Monday, February 25, 2013

What is a Nurse Practitioner?



Patients often ask what a Nurse Practitioner (NP) is and the training behind the degree.  A NP is a Registered Nurse (RN) who has completed either a Masters or Doctorate degree with an emphasis on diagnosing and treating medical problems.  The additional training includes classroom work and clinical rotations through a variety of specialties and settings.  After graduation, the NP must pass a certification test and apply for a state license.  A NP’s scope of practice includes examining patients, ordering and interpreting lab and diagnostic tests, performing procedures, diagnosing medical conditions, and prescribing medication.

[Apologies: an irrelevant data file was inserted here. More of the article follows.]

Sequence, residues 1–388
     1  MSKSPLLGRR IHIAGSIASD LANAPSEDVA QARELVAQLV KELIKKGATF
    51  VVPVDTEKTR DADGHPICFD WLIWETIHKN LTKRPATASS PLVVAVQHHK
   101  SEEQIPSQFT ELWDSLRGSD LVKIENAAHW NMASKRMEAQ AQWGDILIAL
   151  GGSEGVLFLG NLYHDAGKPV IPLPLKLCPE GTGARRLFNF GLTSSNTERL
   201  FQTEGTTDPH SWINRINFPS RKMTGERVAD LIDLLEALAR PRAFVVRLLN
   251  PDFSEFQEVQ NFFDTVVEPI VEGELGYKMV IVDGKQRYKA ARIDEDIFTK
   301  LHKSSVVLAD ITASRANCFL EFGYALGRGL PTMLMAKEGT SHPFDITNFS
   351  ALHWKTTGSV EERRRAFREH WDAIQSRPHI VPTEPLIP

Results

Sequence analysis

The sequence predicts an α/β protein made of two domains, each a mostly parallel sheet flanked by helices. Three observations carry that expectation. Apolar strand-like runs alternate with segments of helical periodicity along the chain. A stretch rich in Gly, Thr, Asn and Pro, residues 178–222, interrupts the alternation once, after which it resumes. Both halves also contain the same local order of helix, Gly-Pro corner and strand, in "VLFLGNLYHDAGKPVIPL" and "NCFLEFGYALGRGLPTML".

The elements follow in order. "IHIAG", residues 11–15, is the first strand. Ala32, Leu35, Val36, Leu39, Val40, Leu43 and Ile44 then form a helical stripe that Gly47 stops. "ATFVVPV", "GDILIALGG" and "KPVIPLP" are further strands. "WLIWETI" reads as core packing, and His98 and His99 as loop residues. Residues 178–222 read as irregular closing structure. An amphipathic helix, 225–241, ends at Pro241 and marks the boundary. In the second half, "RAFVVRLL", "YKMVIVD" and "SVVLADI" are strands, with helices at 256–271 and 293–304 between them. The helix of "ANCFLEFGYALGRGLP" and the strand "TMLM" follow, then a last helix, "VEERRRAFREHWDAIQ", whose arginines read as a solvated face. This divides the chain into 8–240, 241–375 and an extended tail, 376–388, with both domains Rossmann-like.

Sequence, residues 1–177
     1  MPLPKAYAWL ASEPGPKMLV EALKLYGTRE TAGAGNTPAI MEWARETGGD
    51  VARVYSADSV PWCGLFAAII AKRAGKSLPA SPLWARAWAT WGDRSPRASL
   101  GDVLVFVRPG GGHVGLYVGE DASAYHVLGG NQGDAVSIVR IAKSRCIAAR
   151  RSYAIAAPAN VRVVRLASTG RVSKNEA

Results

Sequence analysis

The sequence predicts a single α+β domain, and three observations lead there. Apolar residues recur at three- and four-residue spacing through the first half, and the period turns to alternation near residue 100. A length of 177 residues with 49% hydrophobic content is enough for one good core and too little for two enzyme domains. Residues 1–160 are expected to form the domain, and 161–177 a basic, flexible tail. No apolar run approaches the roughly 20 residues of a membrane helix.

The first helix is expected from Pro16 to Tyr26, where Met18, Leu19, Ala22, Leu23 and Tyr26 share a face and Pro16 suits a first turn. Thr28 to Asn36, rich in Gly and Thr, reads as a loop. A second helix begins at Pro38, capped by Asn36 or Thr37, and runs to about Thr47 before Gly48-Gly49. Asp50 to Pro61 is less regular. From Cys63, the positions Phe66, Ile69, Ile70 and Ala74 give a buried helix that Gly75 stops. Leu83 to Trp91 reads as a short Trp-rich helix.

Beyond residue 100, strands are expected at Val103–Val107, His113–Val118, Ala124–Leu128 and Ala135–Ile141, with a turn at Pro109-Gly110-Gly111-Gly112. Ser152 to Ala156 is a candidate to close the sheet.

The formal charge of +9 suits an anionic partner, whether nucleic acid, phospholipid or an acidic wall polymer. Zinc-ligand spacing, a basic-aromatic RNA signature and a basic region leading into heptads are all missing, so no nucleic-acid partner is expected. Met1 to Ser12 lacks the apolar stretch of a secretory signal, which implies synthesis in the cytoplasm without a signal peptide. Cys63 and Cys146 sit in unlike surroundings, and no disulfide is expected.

For over 50 years NP’s have been providing high quality, cost effective care to the public.  They work in a variety of settings, including ERs, hospitals, medical offices, and urgent care clinics.  According to many government and private studies, NP’s provide the same quality care of a physician and are often able to spend more time with their patients.  From their nursing experience, an emphasis is placed on patient education, preventative medicine, and patient advocacy. 


Written by:

Jennifer Eickhoff, FNP-BC, MSN, ATC, LAT

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